Riding in a hurricane????
We've been following stories of people using their bicycles to get around after Hurricane Sandy wreaked havoc on the East Coast. While bikes have been a helpful post-storm transportation solution, we didn't think anyone would choose to ride during the hurricane itself. Well, we were wrong. People rode for reasons that ranged from documenting the storm, like Casey Neistat, to necessity, like our friend and supporter Pete, whose story is below. There's nothing wrong with being a fairweather commuter, but if you've ever been intrigued by the idea of bicycling through a storm, Pete has some great advice. Thanks for letting us share your story Pete!
Random Co-Worker: "Tell me you didn't ride to work today!?!?!?
Me: "I didn't ride to work today." (With an obedient look on my face.)
RCW: "You're lying!!!"
That conversation happens a few times per day, every time there's any kind of bad weather. The one exception to that was the Tuesday after Hurricane Sandy. It wasn't that the storm had eased much or that I didn't ride to work. It was that I was the only person in the office.
Riding through Washington, DC during Hurricane Sandy
Is that safe? Is it wise? Yes and no. Riding through anything without consideration for safety obviously isn't wise. There ARE conditions in which I will choose not to ride. Monday, at the height of the storm was one of those times. Driving rain and winds gusting to 60 mph isn't safe to ride—though I did go out for a few minutes on the mountain bike just for grins.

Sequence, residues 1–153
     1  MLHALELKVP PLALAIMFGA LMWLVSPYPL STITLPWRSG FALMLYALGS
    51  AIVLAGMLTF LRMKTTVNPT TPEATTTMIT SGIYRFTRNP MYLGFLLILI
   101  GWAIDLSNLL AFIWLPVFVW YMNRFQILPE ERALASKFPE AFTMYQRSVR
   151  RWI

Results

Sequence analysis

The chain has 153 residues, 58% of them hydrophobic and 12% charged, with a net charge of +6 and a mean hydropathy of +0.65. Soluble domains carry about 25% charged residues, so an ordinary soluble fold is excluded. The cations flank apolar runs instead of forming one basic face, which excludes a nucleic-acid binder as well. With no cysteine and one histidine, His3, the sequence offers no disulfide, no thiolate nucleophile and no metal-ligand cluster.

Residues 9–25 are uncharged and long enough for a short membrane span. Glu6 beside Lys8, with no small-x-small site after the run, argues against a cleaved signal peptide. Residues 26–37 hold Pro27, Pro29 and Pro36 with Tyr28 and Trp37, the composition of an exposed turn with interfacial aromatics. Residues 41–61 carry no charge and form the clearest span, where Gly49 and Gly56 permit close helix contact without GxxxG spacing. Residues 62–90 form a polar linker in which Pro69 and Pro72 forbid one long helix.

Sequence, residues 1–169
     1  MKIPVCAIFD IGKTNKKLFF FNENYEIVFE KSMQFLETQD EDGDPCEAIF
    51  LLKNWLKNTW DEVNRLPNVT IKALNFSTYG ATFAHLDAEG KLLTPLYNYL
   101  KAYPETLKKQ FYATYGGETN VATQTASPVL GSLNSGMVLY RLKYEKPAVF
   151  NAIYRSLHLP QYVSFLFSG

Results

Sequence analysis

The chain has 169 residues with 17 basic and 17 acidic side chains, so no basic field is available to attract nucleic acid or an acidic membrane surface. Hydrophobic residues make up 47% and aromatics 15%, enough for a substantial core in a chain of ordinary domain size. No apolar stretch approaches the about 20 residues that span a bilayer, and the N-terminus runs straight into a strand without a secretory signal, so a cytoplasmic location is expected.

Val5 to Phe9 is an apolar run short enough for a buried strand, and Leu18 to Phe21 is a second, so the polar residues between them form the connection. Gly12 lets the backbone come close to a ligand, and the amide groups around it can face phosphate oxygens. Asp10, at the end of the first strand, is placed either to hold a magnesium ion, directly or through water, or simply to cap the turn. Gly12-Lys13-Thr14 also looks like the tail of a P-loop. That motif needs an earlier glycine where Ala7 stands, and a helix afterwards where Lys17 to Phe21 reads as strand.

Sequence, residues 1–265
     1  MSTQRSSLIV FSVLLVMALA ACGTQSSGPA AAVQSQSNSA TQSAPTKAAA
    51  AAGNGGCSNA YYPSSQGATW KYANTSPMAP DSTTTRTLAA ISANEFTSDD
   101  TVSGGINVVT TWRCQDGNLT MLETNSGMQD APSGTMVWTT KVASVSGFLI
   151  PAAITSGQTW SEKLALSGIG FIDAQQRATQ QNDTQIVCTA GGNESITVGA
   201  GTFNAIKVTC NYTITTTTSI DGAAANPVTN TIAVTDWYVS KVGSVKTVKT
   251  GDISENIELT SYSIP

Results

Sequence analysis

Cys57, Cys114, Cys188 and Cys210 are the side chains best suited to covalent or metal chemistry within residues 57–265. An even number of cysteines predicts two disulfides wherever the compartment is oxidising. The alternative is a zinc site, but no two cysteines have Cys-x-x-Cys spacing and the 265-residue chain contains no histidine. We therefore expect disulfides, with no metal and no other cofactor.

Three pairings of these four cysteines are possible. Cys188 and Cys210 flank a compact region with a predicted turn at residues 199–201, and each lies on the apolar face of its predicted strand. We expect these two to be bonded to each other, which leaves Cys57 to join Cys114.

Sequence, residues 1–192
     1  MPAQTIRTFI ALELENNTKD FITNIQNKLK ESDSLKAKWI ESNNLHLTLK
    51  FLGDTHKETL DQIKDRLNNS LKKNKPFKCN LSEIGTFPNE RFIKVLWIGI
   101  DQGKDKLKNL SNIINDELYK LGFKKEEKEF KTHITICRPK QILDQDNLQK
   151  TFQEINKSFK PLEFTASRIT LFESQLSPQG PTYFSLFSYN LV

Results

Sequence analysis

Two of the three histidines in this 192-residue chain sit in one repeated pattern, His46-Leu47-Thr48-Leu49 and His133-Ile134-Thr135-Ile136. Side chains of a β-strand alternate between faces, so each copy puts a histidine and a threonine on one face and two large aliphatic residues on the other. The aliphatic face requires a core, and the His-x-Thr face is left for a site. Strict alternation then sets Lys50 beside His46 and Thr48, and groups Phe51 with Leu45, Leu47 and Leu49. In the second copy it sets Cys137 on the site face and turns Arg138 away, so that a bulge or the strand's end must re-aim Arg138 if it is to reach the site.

By Tuesday, the rain was as hard as ever, but the winds had dropped to 20-30mph. There was no one else on the roads or trails. I had plenty of light, plenty of reflective gear and many years of experience riding in all kinds of weather. I also had no power or internet at home and a lot of work to get done.
How do you ride safely in bad weather? Practice, practice, practice!!! The key is to start riding in light rain storms to get the feel for how the bike handles and what it feels like. This teaches you to learn your route. You need to know where you can find cover and safety if things get bad quickly. You also learn what your bike does in water, mud, wet leaves, snow or ice. You need to learn what equipment works too.
What should you watch out for when preparing for your ride? Check the radar and weather report. Often the leading edge of a storm has a rather severe squall line with high winds, lightning and heavier rains. Let that pass before you start your ride. Get a feel for what the seasonal storms are like before you attempt going out into a storm. Lightning, flooding and hail are three things you really want to avoid at all costs. If any of those things are in the forecast, then we're all probably a lot safer staying in.
Be safe and wise and have fun. :D
Who the heck is Pete?
He's a Bike Ambassador for the Washington Area Bike Association, a generic bike advocate for Bike Arlington and just a guy who thinks he can make the world a better place by turning a pedal or two. He's someone who thinks life is better when every morning starts with the words, "We should go for a bike ride!"
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